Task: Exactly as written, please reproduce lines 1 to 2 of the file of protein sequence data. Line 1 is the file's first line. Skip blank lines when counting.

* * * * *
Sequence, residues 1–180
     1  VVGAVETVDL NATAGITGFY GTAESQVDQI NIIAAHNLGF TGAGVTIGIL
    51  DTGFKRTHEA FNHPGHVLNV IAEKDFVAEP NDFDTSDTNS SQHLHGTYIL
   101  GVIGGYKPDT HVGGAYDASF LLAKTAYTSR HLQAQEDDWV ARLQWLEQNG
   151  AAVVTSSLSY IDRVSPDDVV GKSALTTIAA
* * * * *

Sequence, residues 1–180
     1  VVGAVETVDL NATAGITGFY GTAESQVDQI NIIAAHNLGF TGAGVTIGIL